The best way to keep pinkeye out of your cattle herd continues to be through vigilance and sound management.
Known to the scientific community as infectious bovine keratoconjunctivitis or IBK, pinkeye is caused by infection with the bacterium Moraxella bovis. The organism can be carried by flies, and animals spread it via secretions. For it to develop, pinkeye requires irritation, whether through face flies buzzing around the eyes or from the weeds, dust and UV sunlight in the animal’s daily surroundings. The organism is constantly mutating, with at least 20 known strains; that’s reduced the effectiveness of vaccination.
The infection runs four to eight weeks; the initial symptoms are excessive weeping of the affected eye or closure due to pain. The eye then clouds over, and a blue spot forms on the cornea; this can lead to a scar or even a rupture, interfering with vision or blinding the animal. Dr. Clint Krehbiel, professor of beef cattle nutrition and health in the Department of Animal Science at Oklahoma State University said, “You’d have to catch it very quick and get an antibiotic in the animal to prevent long-term damage,  so producers that are paying close attention probably get by okay. But for those who let things slide too far, it can definitely be problematic.”
“The jury’s out on how effective pinkeye vaccines are,” University of Missouri Extension Veterinarian Dr. Craig Payne told Ozarks Farm & Neighbor. “Not to say that they can’t be, but some of the studies that you’ll come across will show benefits and some will not.” He said there are other things going on that will contribute to that variance; among those are the presence of other diseases or stresses that could weaken the animal’s immune system.
Similarly, Payne said there are conflicting data on the value of vaccinating animals in a herd that’s already been exposed. “Once you give the vaccine,” he said, “there’s going to be a period of time for the animal to process that vaccine and develop the immune response, whereas if the animal is already infected, we know that they are already in the process of generating antibodies to fight off that bacterial infection.”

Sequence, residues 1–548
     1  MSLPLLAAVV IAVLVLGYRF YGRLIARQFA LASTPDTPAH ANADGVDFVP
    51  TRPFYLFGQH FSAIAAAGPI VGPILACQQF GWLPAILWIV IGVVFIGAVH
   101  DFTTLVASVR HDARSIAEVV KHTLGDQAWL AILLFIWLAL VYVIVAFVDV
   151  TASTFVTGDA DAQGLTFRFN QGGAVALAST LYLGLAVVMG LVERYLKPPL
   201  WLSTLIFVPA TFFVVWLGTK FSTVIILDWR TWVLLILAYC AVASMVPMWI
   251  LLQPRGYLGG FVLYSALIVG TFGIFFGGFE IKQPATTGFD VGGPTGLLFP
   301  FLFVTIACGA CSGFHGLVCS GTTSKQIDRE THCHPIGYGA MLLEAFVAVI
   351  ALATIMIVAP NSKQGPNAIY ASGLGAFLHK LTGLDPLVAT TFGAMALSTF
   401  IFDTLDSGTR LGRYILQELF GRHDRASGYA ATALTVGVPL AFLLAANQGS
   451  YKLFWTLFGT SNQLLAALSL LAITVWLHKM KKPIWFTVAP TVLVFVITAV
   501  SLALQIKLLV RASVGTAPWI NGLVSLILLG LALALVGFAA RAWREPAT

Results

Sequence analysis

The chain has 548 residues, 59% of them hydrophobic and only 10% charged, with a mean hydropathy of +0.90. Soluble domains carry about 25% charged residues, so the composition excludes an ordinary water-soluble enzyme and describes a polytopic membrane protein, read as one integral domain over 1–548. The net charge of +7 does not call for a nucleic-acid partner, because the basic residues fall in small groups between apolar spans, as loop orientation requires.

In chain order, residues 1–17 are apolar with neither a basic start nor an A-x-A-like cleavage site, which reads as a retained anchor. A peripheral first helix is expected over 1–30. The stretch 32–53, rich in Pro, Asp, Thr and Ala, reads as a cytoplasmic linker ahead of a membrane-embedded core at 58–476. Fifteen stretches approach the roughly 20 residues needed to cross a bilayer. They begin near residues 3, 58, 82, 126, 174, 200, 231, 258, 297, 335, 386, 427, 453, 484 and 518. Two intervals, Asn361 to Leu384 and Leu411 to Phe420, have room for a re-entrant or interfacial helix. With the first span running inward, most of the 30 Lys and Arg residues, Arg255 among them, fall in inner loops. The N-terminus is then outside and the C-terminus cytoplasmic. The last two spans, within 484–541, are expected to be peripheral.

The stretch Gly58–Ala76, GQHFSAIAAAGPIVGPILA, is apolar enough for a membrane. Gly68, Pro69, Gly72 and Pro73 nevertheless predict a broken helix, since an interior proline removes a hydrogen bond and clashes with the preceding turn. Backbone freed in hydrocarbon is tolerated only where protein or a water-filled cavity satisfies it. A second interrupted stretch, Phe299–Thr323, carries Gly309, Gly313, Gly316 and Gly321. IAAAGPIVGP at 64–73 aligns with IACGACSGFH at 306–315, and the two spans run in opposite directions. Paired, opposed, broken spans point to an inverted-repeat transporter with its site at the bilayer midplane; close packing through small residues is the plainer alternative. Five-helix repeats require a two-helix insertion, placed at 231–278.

Most commonly, antibiotic treatment only takes place when the animal is displaying clinical signs of pinkeye. Payne said he’ll occasionally hear of producers with a significant number of cattle breaking with the disease who proceed to treat the whole population, but that raises the issue of timing. “If that vector is not present in the eye for the antibiotic to get to and kill off,” he said, “that antibiotic’s only going to hang around for a couple of days. So, it’s still possible that the animal comes down with pinkeye.”
White-faced breeds like Hereford are more susceptible, because the lack of pigment in the eyelid exposes the eyes to UV light.
The key, he said, is to practice good management. “If, for example, you’re in a pasture with a lot of brush and a lot of coarse weeds or roughage, there’s always eye injury that can set-up a precursor for an infection,” he said. “The producers know where their bottom-line comes from and hopefully do pay close attention.”


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